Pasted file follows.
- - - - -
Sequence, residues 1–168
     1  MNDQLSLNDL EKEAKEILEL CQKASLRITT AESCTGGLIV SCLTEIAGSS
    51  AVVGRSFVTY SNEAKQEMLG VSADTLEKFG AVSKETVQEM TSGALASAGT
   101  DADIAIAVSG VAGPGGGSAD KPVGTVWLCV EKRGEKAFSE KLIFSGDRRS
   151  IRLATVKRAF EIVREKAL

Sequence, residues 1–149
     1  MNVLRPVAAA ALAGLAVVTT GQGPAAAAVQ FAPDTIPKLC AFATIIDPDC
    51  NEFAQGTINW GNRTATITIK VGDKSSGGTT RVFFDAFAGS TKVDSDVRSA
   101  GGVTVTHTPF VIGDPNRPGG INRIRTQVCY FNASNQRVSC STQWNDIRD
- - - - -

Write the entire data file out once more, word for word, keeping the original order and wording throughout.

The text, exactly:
Sequence, residues 1–168
     1  MNDQLSLNDL EKEAKEILEL CQKASLRITT AESCTGGLIV SCLTEIAGSS
    51  AVVGRSFVTY SNEAKQEMLG VSADTLEKFG AVSKETVQEM TSGALASAGT
   101  DADIAIAVSG VAGPGGGSAD KPVGTVWLCV EKRGEKAFSE KLIFSGDRRS
   151  IRLATVKRAF EIVREKAL

Sequence, residues 1–149
     1  MNVLRPVAAA ALAGLAVVTT GQGPAAAAVQ FAPDTIPKLC AFATIIDPDC
    51  NEFAQGTINW GNRTATITIK VGDKSSGGTT RVFFDAFAGS TKVDSDVRSA
   101  GGVTVTHTPF VIGDPNRPGG INRIRTQVCY FNASNQRVSC STQWNDIRD